Fifty years ago they played the game: never step on the cracks, her brother warned. If you do, they open wide, then down you slip between the flagstones. You just disappear.
Now, dragging along the wheeled suitcase that holds the broken-backed remains of her life, she understands what he meant.
Mick Mangan lives in England, and writes plays, poems, songs, fiction and non-fiction. See more about his music at mickmangan.com.
We were soldiers of innocence at the rally point. Raging against real enemies in pretend combat. Holly berry bullets and stolen kisses in oak tree forts. Fighting the good fight, we sought redemption in afternoon light.
Then you left to fight a greater war.
I still wait for your return.
Katherine Rocheleau is a full-time writer, part-time vampire slayer, and hopeless chocoholic.
How about a sandwich? Her words were casual enough, but her voice made me feel she was more in need of company than food.
Only twelve, but too serious, sad, and worried.
I told her, Soon you’ll blossom into a fine young lady. Obviously she wanted much quicker than soon.
Jim Freeze is seventy-two years old, retired and widowed. He was happily married for fifty-four years and has two grown sons. He began writing in early 2012 to have something to do. His short stories have been featured in several publications including Brilliant Flash Fiction, Calliope Magazine, The Original Writer, and Literally Stories.
Piggies race on sawdust track, bandanas flying: red, blue, yellow, green. Girly squeals for Green. Final turn, Red spins wide, Yellow bashes Blue, and Green squiggles through to claim the checkered flag. Yay, Green! “Free Bacon” coupons for everyone!
Girly adds two and two—and lets out a heart-rending wail.
Jeff Nazzaro writes short fiction and poetry in Southern California. His microfiction has appeared in Dogzplot and Drabblez and is forthcoming in Blink-Ink.
Ping! Letterbox… Thwack! Liquidambar…
Matt an’ me were slingshootin’ in the front yard.
There was a shatterin’ of glass and crunchin’ of metal.
The newspaper reckoned the driver hit the light pole and died at the scene.
We argued over who shot the stone, then never spoke of it again.
Growing up, slingshooting was a fun pastime for Melanie until one day she may or may not have caused someone to receive a serious injury…
First-grade bedtime. Lights are out. A coat-draped chair turns into the mummy watching my bed. Malfunctioning WiFi turns the nanny cam’s playful green light into the red-eyed demon watching me, too.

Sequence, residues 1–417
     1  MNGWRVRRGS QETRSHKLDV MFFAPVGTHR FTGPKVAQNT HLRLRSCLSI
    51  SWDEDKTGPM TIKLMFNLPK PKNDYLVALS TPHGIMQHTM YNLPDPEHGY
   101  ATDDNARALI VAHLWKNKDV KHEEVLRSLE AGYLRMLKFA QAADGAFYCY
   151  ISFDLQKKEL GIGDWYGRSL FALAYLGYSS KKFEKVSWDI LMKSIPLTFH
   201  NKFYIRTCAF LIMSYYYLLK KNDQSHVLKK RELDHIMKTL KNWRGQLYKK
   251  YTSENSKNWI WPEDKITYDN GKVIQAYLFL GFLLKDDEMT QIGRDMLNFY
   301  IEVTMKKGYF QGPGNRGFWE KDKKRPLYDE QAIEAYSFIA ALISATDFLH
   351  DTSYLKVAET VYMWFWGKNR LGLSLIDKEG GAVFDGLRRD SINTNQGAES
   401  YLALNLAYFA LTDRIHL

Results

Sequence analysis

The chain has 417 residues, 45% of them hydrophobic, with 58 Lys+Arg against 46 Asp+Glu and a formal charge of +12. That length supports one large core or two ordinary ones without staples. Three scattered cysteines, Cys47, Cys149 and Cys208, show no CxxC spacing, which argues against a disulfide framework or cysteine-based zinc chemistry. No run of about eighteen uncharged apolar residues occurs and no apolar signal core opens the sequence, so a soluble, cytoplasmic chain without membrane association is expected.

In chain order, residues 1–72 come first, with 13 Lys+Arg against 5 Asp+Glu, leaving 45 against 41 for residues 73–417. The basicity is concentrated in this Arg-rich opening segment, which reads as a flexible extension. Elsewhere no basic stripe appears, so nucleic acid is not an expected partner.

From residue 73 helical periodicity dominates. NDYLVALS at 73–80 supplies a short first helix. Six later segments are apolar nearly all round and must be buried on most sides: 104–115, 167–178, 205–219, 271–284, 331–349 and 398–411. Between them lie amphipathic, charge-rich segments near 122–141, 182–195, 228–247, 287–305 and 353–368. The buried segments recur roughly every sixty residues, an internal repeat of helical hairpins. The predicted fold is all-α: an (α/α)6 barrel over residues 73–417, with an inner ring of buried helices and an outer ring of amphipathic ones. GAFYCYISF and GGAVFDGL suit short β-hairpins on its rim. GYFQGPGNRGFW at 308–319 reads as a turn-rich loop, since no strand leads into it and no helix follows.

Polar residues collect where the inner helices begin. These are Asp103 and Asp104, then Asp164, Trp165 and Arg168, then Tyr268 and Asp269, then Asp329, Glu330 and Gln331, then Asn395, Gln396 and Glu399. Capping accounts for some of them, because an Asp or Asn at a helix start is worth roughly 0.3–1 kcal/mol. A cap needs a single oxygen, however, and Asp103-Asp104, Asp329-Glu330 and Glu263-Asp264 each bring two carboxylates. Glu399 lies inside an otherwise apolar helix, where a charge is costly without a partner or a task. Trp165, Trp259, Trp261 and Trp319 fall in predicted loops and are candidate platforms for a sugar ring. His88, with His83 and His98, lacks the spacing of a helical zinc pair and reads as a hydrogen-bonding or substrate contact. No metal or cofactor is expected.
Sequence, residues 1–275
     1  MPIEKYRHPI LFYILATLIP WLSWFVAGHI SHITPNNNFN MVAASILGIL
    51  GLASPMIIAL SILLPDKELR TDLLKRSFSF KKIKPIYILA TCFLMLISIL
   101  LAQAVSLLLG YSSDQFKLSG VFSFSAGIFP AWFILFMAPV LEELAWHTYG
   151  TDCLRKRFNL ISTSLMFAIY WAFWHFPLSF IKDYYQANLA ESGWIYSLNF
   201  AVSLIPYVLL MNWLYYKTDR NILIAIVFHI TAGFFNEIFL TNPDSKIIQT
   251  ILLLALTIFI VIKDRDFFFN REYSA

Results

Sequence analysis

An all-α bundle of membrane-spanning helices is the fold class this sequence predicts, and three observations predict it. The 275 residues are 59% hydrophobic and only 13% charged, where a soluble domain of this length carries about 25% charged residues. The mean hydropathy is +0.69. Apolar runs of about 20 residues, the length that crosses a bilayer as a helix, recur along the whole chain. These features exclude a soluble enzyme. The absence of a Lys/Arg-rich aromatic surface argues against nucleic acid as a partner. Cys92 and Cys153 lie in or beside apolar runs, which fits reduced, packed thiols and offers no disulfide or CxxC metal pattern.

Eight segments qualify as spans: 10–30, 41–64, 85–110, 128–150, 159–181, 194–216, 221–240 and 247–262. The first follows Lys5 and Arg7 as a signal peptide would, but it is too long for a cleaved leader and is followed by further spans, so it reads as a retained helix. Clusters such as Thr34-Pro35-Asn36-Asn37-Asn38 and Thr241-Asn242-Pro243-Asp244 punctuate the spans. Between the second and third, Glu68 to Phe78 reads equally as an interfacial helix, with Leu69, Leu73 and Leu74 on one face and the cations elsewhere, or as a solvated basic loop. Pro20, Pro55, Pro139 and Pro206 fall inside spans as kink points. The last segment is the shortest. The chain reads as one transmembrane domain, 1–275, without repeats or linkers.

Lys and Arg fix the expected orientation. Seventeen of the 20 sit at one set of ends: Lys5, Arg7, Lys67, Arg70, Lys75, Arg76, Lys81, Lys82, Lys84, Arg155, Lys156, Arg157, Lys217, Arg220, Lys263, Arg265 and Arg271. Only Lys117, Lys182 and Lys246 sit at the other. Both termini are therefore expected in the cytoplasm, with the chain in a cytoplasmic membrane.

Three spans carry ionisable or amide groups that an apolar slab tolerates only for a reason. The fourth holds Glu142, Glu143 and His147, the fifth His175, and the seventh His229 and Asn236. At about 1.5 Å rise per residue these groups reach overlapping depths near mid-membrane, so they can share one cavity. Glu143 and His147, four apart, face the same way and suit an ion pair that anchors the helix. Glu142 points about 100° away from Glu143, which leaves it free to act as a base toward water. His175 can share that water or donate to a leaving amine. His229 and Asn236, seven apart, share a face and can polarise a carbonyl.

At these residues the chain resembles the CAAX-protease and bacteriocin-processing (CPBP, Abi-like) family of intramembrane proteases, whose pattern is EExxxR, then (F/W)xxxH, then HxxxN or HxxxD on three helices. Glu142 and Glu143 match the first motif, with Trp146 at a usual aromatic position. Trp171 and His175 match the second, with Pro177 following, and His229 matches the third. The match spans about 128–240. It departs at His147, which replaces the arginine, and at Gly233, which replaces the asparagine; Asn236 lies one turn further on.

The wee, perilous hours of the night require defensive weapons of choice: a blanket pulled overhead and Duracell flashlight.
Darnell Cureton is a middle-aged man at the crossroads of life, expressing his personality through technology and creative writing.
Things I’ve done for money: collected cans for cash, sold chocolate, shoveled sidewalks after a snowstorm. Once I built an amusement park in the backyard and sold tickets. That was the summer Mom quit chemo.
I told jokes for a penny. She bought a hundred, and listened from her bed.
Jane Hertenstein wrote this story.
My great-grandparents’ farmhouse was built from two barns pieced together. In addition to being a fun piece of genealogical trivia, this enables my father to enthusiastically reply “Yes!” whenever my mother inquires whether he was raised in a barn.
She rolls her eyes every time, but she still smirks, too.
Sarah Krenicki was not raised in a barn, but visited one often. That counts, right?
The soft glow of dawn
covers my room in rainbows.
Young eyes try to capture them.
My mother’s figure appears in the doorway,
I ask her to join me,
catch her own rainbows.
She simply shakes her head, eyes glassy.
Maybe another day, I think,
Or maybe not.
Lauren loves creative writing and can usually be found in her room writing a poem or short story or on the beach reading. She struggled to stay within the 50-word limit since she loves to talk!
“She’s got the sight,” Mama hisses, makes a forking gesture with arthritic fingers.
“Don’t talk rubbish, woman.” Papa’s whiskers tickle my ear. I feel safe curled in his lap, until I see him make the forking sign himself, down the side of the armchair where he thinks I won’t see.
Rebecca Fraser is an Australian writer whose short stories, flash fiction, and poems have appeared in various anthologies, magazines, and journals since 2007. She holds a Masters of Arts in Creative Writing, and her fiction showcases her fondness for all things darkly speculative. To provide her muse with life’s essentials, Rebecca supplements by copy and content writing, however her true passion lies in storytelling. See more at rebeccafraser.wordpress.com